MLB lockdown: Owners of Angels, D-Backs, Reds and Tigers voted against league’s latest CBA proposal, report says

MLB lockdown: Owners of Angels, D-Backs, Reds and Tigers voted against league's latest CBA proposal, report says

Four franchise owners voted against Major League Baseball’s latest proposal submitted to the MLB Players Association on Tuesday, according to Andy Martino of SNY. Athletic’s Evan Drellich identifies four owners: Bob Castellini (Reds), Chris Ilitch (Tigers), Ken Kendrick (Diamondbacks) and Arte Moreno (Angels).

When the union unanimously rejected the league’s proposal, commissioner Rob Manfred ended a pre-existing threat by canceling the first two series of the season, ensuring the owner-imposed lockdown would extend into a third. month.

According to Martino’s sources, even more owners would have joined the “no” side if the league’s proposal offered a competitive balance tax threshold above $220 million. As Martino and Drellich note, this could prove to be a problem in the future, given that it only takes eight “no” votes to derail the ratification of a new CBA.

Drellich also notes that MLB attempted to include standard expenses such as meal money per day in the CBT payroll calculation, which would artificially lower the threshold since less money could be spent on player salaries. It didn’t sit well with the MLBPA. From Drellich:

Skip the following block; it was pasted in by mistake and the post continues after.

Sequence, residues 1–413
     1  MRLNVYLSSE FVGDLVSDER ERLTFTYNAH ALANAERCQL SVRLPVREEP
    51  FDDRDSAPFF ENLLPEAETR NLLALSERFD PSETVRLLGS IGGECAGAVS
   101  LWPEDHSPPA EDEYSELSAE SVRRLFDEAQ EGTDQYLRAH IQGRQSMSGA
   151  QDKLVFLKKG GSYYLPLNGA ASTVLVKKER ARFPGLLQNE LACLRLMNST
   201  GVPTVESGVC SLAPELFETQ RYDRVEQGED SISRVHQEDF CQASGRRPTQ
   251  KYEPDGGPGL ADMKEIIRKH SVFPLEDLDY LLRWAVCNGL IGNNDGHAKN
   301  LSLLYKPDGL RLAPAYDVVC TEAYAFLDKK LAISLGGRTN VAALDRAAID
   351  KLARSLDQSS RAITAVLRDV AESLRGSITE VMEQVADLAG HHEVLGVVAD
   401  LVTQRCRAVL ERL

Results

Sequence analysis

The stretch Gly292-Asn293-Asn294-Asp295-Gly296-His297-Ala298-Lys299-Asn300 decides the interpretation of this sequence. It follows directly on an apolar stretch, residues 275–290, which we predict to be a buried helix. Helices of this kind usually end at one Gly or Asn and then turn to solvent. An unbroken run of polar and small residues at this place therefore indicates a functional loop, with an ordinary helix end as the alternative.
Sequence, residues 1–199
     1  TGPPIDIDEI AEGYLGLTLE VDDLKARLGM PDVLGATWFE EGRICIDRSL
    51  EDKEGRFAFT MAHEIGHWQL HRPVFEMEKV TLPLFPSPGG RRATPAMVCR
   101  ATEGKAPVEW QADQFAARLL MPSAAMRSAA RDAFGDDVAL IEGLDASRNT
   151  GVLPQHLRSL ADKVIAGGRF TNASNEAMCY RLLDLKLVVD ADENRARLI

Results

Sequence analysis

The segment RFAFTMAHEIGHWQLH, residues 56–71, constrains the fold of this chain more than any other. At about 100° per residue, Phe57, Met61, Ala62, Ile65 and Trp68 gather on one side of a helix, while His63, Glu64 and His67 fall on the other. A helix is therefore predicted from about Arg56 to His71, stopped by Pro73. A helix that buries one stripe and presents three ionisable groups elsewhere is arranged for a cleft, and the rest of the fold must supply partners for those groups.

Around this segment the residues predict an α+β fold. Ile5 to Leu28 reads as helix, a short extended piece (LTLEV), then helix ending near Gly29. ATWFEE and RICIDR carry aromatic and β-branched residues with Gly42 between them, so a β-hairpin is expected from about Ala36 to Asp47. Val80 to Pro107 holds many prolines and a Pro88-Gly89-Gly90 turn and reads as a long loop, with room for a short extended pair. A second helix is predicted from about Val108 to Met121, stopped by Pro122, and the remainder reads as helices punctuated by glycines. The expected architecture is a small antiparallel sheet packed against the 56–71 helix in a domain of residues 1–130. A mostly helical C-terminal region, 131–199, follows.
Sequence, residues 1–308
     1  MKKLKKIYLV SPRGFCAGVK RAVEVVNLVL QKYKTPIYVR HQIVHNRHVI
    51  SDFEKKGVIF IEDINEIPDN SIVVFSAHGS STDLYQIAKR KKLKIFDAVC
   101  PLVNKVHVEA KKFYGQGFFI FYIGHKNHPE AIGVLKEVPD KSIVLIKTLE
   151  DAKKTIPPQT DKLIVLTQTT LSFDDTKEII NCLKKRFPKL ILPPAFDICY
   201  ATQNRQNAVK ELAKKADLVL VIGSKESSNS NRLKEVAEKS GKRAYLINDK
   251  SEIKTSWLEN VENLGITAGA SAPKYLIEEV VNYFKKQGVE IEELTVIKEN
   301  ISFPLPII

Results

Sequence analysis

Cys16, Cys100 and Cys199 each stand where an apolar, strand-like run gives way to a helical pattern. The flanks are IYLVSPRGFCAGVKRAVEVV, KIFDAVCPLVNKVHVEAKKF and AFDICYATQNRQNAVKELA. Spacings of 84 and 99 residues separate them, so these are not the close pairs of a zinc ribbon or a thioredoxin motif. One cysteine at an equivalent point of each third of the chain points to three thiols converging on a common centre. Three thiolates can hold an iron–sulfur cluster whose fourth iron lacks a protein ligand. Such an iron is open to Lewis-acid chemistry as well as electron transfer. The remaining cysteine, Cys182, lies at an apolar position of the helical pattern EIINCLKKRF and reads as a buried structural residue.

One of the league’s efforts that angered players was a proposal to factor meal money and allowances players receive into luxury tax calculations. In other words, MLB wanted to count the amount of money players get for food against the amount of money teams can spend before being taxed.

The luxury tax already includes some costs related to player benefits – it’s not just a strict accounting of player salaries. But players were angry sources said the league would try to add something as basic as the cost of food as a reason to spend less on payroll. MLB has also attempted to include allowances paid to players who participate in the All-Star Game, Home Run Derby and other special events, sources said.